Nothing could have prepared me for the boulder-strewn landscapes, majestic ruins, pristine lakes, and lush greenery that surrounds Hampi. Staying in a community-run retreat in the village of Anegundi, on the other side of the Tungabhadra River, we rode in coracle boats, swum in village lakes, and drove amid the remains of the 14th century Vijaynagar empire. Luckily for us, we beat the crowds, witnessed the monsoons, and captured a glimpse of real village life in and around Hampi:
1. CORACLE BOATS ARE THE LIFEBLOOD OF HAMPI
and used as the main mode of transport and fishing on the Tungabhadra River. Mechanized boats are slowly replacing them on certain stretches, to be able to ferry motorbikes and more people.
2. A PANDIT (HINDU PRIEST) WALKS ALONG THE BOULDERS
to the ancient temples built by the Vijaynagar empire in the 14th century. People from the surrounding region come to worship in large numbers.
3. A WOMAN OVERLOOKS THE BOULDER-STREWN LANDSCAPES OF HAMPI
from across the Tungabhadra River.
4. A WOMAN FARMS ON THE RICE PADDIES OF ANEGUNDI
in the backdrop of the boulder-strewn hills. The soil is fertile and rainfall aplenty to cultivate rice, banana and coconut.
5. LOCALS UPHOLD OLD TRADITIONS IN HAMPI
like tying their wishes in the form of rocks to the branches of this ancient tree, and piling up stones to express their desire for a new house. There were no signs to explain this sight, but I inferred this from the various explanations shared by people on my Facebook page!
6. WOMEN WASH CLOTHES IN THE TUNGABHADRA RIVER
using the boulders as washing boards. They have adapted their daily chores to the unusual terrain that surrounds them.
7. A MAN TOUCHES UP HIS CORACLE BOAT
on the shores of the river.
8. ANOTHER FERRIES US ON HIS CORACLE BOAT
across the river from Hampi. These boats are made within the region, and can carry upto 15 people at one time!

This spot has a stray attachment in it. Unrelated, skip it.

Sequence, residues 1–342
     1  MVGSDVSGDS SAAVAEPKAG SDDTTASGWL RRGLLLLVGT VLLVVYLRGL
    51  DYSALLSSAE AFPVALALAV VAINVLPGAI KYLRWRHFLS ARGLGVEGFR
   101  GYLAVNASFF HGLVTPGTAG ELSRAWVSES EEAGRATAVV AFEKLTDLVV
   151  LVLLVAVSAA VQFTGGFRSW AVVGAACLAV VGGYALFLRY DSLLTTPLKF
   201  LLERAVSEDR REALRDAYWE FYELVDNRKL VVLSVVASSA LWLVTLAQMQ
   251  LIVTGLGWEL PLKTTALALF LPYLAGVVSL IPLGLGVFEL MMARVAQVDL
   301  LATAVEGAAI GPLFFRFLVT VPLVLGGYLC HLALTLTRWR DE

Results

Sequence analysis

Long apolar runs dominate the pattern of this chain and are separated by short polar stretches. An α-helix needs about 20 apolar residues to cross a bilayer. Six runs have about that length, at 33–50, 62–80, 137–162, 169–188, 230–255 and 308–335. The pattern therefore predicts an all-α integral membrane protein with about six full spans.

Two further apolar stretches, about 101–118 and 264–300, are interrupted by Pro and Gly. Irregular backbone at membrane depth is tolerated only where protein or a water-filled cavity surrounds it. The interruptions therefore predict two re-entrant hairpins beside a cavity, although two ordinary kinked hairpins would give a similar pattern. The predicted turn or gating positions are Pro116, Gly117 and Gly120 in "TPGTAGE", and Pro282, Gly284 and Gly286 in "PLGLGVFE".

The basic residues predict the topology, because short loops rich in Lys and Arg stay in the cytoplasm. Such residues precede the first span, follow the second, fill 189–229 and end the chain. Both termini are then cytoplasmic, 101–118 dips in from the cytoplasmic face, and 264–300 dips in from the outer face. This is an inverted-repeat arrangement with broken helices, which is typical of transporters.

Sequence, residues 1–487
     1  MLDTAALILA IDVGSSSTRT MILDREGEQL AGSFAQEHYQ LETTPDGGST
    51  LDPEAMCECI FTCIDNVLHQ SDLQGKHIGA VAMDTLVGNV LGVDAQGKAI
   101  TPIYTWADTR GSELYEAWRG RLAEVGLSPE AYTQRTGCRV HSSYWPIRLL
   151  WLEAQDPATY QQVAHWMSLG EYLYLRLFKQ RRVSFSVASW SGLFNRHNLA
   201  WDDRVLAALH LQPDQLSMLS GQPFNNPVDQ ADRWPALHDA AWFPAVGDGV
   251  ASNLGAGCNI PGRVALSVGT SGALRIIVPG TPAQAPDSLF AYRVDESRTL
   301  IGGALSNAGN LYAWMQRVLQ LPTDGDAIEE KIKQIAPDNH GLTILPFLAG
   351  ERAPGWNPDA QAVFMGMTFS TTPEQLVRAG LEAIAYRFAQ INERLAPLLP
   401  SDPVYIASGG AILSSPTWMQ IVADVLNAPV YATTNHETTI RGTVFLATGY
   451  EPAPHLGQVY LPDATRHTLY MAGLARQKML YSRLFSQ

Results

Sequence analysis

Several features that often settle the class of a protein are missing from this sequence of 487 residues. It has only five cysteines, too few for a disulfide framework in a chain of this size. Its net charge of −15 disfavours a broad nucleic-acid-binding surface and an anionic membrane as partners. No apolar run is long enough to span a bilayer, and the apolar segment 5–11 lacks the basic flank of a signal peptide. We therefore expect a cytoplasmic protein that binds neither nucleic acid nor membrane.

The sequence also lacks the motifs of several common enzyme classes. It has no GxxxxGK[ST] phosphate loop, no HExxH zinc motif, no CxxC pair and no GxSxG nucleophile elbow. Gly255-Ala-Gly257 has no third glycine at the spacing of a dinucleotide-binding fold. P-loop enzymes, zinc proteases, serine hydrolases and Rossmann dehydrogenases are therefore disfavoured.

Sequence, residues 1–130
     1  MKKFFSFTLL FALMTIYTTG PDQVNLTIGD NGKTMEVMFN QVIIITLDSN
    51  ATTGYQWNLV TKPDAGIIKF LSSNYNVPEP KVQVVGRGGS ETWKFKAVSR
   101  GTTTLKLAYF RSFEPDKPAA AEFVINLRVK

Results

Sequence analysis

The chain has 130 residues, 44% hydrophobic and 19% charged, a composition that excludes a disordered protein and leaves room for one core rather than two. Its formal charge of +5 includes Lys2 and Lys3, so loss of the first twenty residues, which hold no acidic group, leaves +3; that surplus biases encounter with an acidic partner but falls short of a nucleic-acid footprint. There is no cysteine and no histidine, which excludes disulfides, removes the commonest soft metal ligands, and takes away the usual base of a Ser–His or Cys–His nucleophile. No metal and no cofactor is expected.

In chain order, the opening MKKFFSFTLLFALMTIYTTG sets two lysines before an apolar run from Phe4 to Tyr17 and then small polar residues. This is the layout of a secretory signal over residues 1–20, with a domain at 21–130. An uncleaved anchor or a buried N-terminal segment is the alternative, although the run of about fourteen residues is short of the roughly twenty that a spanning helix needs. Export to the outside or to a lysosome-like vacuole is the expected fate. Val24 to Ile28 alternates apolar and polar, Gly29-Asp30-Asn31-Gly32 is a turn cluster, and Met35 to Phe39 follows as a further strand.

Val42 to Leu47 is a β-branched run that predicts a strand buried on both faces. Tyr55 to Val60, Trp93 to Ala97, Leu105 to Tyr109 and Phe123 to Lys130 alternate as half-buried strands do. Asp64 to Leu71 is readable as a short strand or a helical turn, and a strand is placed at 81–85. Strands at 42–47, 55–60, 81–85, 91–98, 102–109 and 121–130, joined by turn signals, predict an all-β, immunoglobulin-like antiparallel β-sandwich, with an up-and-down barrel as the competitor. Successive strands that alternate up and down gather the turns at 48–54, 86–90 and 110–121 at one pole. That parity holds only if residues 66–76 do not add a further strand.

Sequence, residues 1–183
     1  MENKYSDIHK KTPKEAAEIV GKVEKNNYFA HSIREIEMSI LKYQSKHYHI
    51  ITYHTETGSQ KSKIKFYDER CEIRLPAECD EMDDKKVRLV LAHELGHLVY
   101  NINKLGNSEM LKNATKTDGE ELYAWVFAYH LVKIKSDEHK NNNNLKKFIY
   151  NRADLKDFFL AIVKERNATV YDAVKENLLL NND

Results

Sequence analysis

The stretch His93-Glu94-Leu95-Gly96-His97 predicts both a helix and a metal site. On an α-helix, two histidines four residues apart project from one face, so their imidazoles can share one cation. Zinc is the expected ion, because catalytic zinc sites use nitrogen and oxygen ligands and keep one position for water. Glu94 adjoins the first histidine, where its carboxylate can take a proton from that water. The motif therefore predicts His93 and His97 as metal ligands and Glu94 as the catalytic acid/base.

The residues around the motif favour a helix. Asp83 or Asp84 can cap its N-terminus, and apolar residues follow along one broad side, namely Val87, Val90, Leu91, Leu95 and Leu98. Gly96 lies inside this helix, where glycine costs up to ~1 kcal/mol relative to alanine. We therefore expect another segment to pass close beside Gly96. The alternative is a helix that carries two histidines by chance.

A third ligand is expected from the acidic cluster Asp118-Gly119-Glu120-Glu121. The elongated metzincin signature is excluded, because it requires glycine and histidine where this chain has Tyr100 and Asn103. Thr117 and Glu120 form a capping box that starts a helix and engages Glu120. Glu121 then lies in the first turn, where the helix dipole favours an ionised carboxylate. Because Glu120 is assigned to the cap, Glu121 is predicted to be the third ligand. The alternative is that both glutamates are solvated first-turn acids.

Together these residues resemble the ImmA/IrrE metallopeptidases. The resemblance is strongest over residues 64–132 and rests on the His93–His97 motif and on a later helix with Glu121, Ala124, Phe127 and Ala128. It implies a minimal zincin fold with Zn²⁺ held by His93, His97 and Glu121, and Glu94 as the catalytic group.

9. A MAN TAKES SHADE IN THE RUINS, MAKING A FISHING NET
near the river.
10. MANY LOCAL FISHERMEN CAN BE SPOTTED IN THE RIVER
and its smaller tributaries, looking for fish.
11. WE WHIZZ AROUND THE ROADS OF ANEGUNDI
and the boulders, precariously perched upon one another, never cease to amaze us. Nor does the greenery that lies interspersed among them, especially in the monsoon.
12. DEEP IN THESE HILLS, SHEPHERDS TAKE THEIR CATTLE GRAZING
and walk from boulder to boulder with their goats.
Have you been to Hampi? What did you love most about it?
Hampi is well-connected by buses to the rest of Karnataka, and is an overnight bus ride from Bangalore. The closest bus stop is Hospet if you stay in Hampi, and Gangavathi if you stay on the other side of the Tungabhadra River. Hampi itself was the capital of the Vijaynagar Empire and is home to the ruins of ancient temples. The villages across the river have fewer ruins, but much more greenery, forming a stark contrast against the boulder-strewn landscapes of the region. Winters are the most popular time to visit Hampi, but if you want to beat the crowds and witness the rains, go in August or September.
Any contributions to my travel fund (in kind or otherwise) will be highly appreciated!
Get my latest article in your inbox!
I’m the founder of this award-winning travel blog about offbeat and sustainable travel, and author of the bestselling travel memoir, The Shooting Star.
In 2011, I quit my full-time job, and gradually gave up my home, sold most of my possessions, stored some in the boot of a friend’s car and embraced a nomadic life.
Connect with me on Instagram to hear more about my adventures and personal journey.